Development Planned for a Vacant Lot on a Block of Annin You’ve Probably Never Visited

You've probably never visited the 1200 block of Annin Street. It's a skinny block that looks like it dead-ends at its western end (but there's actually a narrow path out to Federal Street). Architecturally, it's a very mixed bag, with a row of newer-looking garage-front homes with driveways, a couple of standard Philly row homes, and a bunch of former warehouses that have been converted, mostly into residential use.

Looking west on the 1200 block of Annin Street

Former warehouses converted to residential

More warehouse conversions

We actually lived on this block back in the day, in a building that was once a toilet seat factory but was converted, at some point, into five apartments with 1:1 parking. It was a fine place to live for a year, and it was kind of fun to come back to cover a proposed project for the block.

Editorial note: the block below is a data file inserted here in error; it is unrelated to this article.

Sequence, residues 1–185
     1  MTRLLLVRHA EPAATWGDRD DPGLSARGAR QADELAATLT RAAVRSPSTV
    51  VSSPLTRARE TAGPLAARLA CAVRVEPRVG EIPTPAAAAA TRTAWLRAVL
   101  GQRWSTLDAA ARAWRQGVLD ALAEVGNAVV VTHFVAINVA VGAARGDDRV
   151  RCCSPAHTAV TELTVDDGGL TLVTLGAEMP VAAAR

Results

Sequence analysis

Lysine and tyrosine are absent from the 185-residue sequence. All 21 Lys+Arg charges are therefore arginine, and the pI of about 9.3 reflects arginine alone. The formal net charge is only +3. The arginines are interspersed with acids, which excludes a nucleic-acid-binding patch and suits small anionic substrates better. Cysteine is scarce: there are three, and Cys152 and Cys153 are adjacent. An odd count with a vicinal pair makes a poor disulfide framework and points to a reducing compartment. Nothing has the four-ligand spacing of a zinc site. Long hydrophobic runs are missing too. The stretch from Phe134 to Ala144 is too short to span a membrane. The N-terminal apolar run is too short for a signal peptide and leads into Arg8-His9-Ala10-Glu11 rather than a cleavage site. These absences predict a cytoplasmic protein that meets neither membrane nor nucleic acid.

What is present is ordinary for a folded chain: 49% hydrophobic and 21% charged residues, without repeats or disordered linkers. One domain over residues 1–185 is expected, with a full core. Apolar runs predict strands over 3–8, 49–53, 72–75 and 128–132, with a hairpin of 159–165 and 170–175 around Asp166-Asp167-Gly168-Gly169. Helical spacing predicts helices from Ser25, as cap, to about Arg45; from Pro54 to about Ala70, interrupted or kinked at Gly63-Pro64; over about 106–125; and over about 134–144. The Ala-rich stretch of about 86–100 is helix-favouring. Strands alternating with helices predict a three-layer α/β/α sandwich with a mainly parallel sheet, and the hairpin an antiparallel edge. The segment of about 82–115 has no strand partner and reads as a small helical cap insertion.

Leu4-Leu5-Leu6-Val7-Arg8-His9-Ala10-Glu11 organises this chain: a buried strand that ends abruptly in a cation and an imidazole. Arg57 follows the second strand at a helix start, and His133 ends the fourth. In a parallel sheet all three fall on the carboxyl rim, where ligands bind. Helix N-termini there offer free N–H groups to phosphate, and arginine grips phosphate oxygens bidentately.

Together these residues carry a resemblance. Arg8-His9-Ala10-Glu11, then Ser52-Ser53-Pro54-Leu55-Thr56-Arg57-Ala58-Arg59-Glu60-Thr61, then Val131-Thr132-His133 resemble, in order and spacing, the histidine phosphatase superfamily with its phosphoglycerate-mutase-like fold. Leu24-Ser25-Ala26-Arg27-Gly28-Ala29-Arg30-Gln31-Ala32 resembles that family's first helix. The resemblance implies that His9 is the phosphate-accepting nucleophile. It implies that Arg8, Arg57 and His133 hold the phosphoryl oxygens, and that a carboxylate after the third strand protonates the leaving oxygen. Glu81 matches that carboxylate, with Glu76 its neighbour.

A lonely vacant lot

Developers purchased 1225-27 Annin St. last winter and earlier this year presented plans to the Passyunk Square Civic Association to build a single building with six apartments. This lot, despite measuring over 2,600 sqft, is zoned for single-family use, necessitating the zoning application and community meeting. We haven't seen the plans, but the community didn't care for the project because they felt it too dense and that it didn't fit in with the character of the block. According to Jared Klein, Zoning Chair for the neighborhood group, the developers withdrew their application and are proceeding with a two-unit by-right build. From what we see, the project is still scheduled to go before the ZBA next month. Maybe they'll formally withdraw it at that point. Or maybe they'll see if they can get approval from the ZBA despite community concerns.

What do you think? Is a two-unit project most appropriate for this location, or would six units be okay? It's worth noting that if the parcel were zoned for multi-family use, six apartments would be permitted by right, based on the size of the parcel. Having lived there once upon a time, we don't know that we would have cared about two units, six units, or even ten units. But we don't live there anymore, so our opinion doesn't count for much on this one.